Andrea Smart and Tracy Crossin, both part of the Pastoral Support team at Portsmouth Hospitals University NHS Trust, have been awarded the Chief Nursing Officer Award from NHS England.
The coveted award has been developed by NHS England to reward the outstanding contribution made by nurses and healthcare support workers in their everyday roles.
Tracy and Andrea have helped to reduce healthcare support worker vacancies at the Trust from 250 to 19. Their role is to champion and support new members of staff, as well as attend recruitment fairs to speak to job seekers about the role.
The award ceremony was hosted by the Trust’s Chief Nurse Liz Rix and Annette Farrell from NHS England. Liz said: “Healthcare support workers are the backbone of the NHS and the work Tracy and Andrea are doing, helping with pastoral care, means that new starters feel supported. They are there to help them with the emotional journey new starters experience as they are often working in care for the first time.
“We are so grateful to have them as part of our team here at PHU. They have been exceptional and are making such a difference to the care of patients in Portsmouth and the future of nursing at PHU.”
Andrea, a mum of three from Fareham, joined the Trust in 2016 as a healthcare support worker after working with children with profound learning difficulties for many years. She says she wanted to make a difference to those who work at the hospital and also to those who stay. She said: “I wanted to work with adults, care for them and feel that I am making a difference to the patients in hospital during a difficult time in their life.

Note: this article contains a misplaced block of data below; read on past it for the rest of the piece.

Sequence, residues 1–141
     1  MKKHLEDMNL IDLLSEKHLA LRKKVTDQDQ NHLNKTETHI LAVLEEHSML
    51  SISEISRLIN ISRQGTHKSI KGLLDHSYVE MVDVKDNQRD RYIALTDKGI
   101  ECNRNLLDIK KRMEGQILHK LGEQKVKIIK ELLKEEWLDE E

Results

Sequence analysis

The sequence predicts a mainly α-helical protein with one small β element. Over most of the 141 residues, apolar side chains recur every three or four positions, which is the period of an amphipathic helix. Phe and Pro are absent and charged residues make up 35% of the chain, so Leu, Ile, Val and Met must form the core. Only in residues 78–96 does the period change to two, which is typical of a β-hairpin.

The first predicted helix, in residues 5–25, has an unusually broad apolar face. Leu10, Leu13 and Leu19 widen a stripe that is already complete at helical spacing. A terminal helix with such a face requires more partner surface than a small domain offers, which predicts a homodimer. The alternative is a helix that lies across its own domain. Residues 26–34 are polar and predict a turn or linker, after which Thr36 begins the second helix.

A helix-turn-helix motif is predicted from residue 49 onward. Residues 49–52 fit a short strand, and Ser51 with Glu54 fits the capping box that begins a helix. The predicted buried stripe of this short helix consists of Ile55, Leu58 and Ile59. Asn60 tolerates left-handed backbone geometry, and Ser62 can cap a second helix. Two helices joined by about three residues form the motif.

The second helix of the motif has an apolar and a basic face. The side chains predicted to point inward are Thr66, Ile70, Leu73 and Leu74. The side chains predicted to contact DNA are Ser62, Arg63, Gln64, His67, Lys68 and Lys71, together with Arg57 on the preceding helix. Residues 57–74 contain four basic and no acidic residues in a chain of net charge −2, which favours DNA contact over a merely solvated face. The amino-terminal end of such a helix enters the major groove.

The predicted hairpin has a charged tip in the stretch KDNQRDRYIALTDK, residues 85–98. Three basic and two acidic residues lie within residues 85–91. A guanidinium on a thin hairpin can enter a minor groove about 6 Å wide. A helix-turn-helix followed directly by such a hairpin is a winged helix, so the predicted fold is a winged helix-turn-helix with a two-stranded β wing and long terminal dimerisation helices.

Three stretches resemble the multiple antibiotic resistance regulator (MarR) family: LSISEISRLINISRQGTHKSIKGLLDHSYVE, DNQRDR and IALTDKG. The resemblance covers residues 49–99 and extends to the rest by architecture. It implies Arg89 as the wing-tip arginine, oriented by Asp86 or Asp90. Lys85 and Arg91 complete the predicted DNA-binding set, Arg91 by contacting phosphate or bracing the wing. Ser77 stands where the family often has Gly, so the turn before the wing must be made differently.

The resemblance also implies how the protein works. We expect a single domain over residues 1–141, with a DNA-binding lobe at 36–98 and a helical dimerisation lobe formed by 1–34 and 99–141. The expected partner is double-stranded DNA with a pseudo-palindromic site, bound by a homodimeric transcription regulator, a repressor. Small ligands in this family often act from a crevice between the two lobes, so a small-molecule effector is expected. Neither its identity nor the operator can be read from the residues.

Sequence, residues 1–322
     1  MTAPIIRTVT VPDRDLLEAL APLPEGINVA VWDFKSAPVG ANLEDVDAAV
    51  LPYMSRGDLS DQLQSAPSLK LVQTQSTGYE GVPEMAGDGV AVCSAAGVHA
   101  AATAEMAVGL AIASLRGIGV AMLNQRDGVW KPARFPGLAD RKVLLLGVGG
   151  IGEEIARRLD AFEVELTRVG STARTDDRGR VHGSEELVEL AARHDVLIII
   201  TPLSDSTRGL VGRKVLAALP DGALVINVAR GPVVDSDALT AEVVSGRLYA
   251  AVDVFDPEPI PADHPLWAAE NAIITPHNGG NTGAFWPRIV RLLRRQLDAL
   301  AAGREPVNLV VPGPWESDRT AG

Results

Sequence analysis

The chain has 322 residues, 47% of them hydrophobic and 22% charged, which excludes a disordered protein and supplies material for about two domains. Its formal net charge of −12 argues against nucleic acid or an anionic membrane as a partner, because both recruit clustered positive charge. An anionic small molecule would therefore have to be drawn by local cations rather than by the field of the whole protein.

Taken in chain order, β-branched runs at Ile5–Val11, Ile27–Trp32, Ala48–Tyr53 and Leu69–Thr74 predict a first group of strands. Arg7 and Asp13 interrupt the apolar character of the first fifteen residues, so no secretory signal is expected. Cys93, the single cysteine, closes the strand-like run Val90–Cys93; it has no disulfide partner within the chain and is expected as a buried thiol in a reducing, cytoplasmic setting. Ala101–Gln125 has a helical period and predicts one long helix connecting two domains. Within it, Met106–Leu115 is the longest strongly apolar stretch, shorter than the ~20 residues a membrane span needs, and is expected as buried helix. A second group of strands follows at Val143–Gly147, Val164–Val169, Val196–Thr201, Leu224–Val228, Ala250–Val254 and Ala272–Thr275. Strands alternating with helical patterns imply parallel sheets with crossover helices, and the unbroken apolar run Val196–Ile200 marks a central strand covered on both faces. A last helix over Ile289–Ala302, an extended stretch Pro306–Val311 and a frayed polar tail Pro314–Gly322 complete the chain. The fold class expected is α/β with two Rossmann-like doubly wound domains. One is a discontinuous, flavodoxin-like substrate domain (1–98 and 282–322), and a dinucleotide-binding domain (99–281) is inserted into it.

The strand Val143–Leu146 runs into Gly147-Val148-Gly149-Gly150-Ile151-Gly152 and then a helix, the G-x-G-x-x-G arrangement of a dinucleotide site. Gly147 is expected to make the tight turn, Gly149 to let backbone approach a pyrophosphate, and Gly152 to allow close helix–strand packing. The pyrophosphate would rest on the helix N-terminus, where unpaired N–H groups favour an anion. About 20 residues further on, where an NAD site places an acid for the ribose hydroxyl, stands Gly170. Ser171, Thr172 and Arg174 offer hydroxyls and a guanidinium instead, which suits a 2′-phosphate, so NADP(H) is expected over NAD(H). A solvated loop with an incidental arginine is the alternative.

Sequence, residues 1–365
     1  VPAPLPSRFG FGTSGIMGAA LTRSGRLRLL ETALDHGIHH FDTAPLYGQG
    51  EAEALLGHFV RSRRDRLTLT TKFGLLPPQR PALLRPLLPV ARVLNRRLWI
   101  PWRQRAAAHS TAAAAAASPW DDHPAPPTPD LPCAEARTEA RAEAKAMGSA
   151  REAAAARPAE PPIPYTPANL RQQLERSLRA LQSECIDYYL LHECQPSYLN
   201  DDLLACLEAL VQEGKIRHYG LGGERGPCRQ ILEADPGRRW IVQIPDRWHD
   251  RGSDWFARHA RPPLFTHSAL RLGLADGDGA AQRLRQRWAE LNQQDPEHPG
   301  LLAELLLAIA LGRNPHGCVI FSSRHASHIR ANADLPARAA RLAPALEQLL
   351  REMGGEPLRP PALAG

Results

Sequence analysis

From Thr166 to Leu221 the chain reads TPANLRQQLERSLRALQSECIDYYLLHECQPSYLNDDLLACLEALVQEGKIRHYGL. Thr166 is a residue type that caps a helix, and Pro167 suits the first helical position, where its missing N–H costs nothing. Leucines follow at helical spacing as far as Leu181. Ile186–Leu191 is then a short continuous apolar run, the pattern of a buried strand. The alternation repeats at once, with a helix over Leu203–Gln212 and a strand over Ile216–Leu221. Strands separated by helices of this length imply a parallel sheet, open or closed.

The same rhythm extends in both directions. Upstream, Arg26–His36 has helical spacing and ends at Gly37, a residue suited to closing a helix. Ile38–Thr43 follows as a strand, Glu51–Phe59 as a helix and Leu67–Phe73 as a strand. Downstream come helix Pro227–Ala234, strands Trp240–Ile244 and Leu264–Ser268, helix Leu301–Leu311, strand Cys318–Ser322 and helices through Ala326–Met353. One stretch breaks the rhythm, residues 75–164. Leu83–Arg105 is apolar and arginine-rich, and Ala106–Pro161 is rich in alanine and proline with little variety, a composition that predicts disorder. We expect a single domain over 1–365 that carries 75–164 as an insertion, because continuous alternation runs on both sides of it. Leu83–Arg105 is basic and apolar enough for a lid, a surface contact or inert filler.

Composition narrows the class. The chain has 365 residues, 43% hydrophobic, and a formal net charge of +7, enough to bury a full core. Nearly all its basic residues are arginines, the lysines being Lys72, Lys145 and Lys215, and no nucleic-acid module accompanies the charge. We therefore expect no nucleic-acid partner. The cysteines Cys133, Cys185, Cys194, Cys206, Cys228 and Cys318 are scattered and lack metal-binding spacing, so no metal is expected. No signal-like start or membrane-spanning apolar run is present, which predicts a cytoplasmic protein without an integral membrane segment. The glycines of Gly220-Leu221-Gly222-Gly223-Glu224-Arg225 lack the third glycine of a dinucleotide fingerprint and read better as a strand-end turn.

“I am so very proud and honoured to have received the Chief Nursing Officer's Award I feel that pastoral support is vital and very much needed. The role can be very challenging at times, yet so rewarding. I thoroughly enjoy making a difference to the healthcare support workers wellbeing. I am passionate about making a difference to the experience that the healthcare support workers receive when they join the Trust and to know that they have the guidance and support of the pastoral team.”
Mum of three Tracy, from Southsea, has worked for the Trust for three years. She had previously worked as a senior healthcare assistant in an end of life dementia nursing home and says she joined the Trust to make a difference and help others when they needed it most.
Said Tracy: “I was completely blown away to receive the Chief Nursing Award and to know that others can see how hard I work in my role means a lot.
“I love every aspect of being part of the Pastoral Support Team, it can be challenging at times and things can weigh heavy on the heart but that’s what makes it worth coming in to work every day.
To know that I could put a smile on someone’s face when they are at their lowest or guide another in the right direction just by listening and letting them know they aren’t alone. We are their voice.
“I also love the recruitment aspect of it too as we get to talk to lots of different people and share our stories of being a healthcare support worker and why it’s such an amazing job.”